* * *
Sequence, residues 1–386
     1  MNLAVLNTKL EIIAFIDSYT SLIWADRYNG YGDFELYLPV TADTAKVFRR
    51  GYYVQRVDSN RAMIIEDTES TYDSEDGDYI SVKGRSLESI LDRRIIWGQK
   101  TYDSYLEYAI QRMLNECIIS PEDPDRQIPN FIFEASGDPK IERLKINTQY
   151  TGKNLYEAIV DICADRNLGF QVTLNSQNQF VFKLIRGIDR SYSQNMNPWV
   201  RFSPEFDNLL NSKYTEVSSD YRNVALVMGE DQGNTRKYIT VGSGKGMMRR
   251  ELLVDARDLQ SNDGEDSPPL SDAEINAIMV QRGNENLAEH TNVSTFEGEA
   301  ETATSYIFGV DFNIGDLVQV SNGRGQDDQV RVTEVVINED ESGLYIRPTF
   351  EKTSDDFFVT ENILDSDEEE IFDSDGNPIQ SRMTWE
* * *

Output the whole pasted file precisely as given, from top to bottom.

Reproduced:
Sequence, residues 1–386
     1  MNLAVLNTKL EIIAFIDSYT SLIWADRYNG YGDFELYLPV TADTAKVFRR
    51  GYYVQRVDSN RAMIIEDTES TYDSEDGDYI SVKGRSLESI LDRRIIWGQK
   101  TYDSYLEYAI QRMLNECIIS PEDPDRQIPN FIFEASGDPK IERLKINTQY
   151  TGKNLYEAIV DICADRNLGF QVTLNSQNQF VFKLIRGIDR SYSQNMNPWV
   201  RFSPEFDNLL NSKYTEVSSD YRNVALVMGE DQGNTRKYIT VGSGKGMMRR
   251  ELLVDARDLQ SNDGEDSPPL SDAEINAIMV QRGNENLAEH TNVSTFEGEA
   301  ETATSYIFGV DFNIGDLVQV SNGRGQDDQV RVTEVVINED ESGLYIRPTF
   351  EKTSDDFFVT ENILDSDEEE IFDSDGNPIQ SRMTWE